What to Grow on an Agriframes Structure
Climbing plants have the capacity to bring surfaces and structures to life and change the mood of a garden as the season, or even the day, progresses. There are flowering plants such as clematis and solanum, vines which fruit or crop such as passion flower or grape, plants with daytime or evening fragrance such as jasmine or honeysuckle and evergreen plants with leaf variegation or spectacular Autumn colour.
Which ever you chose they are likely to need some help to get established and then a little care and attention over time to keep them looking at their best.
Before deciding on the size of your structure or the vigour of your chosen planting you may need to consider how easy (or not!) it will be to reach areas that may need pruning or tying in – it is a shame to go to the trouble of creating a beautiful sitting area if the uppermost parts of your arbour or gazebo are a tangle of bindweed or unkempt roses. Ideally you should be able to reach all around a structure and if you will need a ladder to access the very top then consider whether there is a suitable flat area to place it safely alongside so that you can enjoy the process!
Create a framework for the twining stems and twisting tendrils of the young plants – Agriframes infills are decorative in their own right as well as being functional in supporting young plants on an arch or pergola. Some climbing plants such as jasmine and bougainvillea have lax branches that ‘scramble’ rather than climb – again, using an infill allows you to guide them in the right direction until they reach the desired shape. The Agriframes Elegance Range is constructed with a close lattice framework that would also work very well with a soft stem climber or delicate sweet peas for a fragrant arch.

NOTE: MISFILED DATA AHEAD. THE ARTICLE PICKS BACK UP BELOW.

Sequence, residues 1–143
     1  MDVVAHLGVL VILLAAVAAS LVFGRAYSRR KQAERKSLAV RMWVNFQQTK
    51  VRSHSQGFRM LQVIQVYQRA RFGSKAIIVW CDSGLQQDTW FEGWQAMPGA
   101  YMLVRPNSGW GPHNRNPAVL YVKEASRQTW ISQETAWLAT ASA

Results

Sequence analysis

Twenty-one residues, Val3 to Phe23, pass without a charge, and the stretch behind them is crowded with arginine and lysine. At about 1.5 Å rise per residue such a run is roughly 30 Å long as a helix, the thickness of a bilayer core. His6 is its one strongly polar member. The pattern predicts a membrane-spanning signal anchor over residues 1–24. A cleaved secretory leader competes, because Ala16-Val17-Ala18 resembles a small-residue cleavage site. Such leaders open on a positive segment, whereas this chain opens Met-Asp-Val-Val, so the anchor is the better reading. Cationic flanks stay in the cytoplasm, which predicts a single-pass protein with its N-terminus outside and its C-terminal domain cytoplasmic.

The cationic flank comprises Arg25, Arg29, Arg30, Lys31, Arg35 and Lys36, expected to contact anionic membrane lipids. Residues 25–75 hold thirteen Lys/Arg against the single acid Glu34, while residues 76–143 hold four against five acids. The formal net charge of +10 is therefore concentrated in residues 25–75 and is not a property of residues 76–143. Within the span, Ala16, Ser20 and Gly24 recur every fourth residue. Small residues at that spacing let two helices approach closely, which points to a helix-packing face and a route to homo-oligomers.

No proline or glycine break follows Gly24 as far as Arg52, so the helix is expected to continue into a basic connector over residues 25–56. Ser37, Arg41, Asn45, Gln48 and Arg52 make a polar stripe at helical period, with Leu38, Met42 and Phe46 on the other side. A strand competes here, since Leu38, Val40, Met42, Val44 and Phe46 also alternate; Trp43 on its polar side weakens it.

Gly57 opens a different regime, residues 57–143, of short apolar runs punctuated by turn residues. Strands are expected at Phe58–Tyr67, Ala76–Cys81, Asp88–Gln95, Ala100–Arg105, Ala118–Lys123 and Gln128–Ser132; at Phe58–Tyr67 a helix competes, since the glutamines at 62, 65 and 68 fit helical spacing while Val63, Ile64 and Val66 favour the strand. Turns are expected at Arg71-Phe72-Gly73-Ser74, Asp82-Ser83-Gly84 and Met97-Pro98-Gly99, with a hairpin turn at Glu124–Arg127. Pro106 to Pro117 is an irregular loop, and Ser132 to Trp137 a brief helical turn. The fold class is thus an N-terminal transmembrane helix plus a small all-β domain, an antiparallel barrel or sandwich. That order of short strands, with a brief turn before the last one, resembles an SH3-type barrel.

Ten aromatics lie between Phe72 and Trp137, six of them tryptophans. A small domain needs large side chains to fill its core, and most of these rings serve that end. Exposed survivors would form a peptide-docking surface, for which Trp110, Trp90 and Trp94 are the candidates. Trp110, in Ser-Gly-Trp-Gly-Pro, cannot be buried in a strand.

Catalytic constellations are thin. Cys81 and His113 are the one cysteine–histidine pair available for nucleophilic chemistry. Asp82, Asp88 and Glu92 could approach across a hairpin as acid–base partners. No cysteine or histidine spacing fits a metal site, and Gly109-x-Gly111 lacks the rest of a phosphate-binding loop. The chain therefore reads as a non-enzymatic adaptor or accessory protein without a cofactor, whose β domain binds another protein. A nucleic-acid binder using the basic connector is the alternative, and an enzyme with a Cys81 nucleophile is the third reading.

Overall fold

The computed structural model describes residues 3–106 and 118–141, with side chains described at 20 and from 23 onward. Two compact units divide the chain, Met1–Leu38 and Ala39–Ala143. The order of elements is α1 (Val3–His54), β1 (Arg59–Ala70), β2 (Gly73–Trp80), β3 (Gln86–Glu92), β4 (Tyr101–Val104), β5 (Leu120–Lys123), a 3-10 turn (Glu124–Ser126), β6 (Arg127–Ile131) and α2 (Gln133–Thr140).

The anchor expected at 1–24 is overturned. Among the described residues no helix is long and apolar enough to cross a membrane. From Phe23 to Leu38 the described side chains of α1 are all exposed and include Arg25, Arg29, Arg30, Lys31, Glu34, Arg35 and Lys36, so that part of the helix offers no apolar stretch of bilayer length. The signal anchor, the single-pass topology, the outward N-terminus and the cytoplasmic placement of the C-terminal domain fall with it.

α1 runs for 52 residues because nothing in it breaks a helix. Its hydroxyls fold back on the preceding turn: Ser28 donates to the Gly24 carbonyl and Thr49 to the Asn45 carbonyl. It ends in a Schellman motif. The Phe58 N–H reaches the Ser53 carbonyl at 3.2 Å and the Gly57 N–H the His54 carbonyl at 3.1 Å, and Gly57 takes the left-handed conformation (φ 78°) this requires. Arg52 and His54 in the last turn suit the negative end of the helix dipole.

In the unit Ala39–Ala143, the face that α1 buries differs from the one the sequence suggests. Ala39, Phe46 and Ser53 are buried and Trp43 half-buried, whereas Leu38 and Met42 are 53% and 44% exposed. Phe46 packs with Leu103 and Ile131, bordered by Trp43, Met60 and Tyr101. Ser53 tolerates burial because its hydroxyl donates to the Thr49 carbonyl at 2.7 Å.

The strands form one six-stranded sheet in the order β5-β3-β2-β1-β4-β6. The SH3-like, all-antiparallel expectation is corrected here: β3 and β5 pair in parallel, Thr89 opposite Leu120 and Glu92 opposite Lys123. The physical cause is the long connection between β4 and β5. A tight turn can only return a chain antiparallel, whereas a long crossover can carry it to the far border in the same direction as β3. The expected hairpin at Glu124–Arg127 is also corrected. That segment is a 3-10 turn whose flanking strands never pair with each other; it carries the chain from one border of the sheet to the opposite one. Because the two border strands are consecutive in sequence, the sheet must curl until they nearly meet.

Climbing Roses generally need very little pruning except to remove any branches that threaten to grow out of reach, or obstruct a path; but they will need regular tying in. Clematis on the other hand are self supporting but vary on their pruning requirements, dividing largely into three groups: those that flower on the previous year’s wood need light pruning and shaping immediately after flowering; those that flower on short stems from the previous seasons growth need pruning back to a strong pair of buds on all stems; and those that flower on the current seasons growth need cutting right back in early spring to about knee height – not as complicated as it sounds and well worth the effort, just check the variety when you buy.
Much of the enjoyment of gardening comes with the tending of your plants and developing your own skill in getting the best from them. The triumph of a wisteria laden with blossom or a bumper crop of juicy grapes after years of hit and miss pruning is one to be savoured! A peaceful hour in the garden spent tying in and pruning climbers is rewarding and relaxing, but if you prefer to avoid more demanding or heavy duty maintenance then it is worth considering this when planning your planting.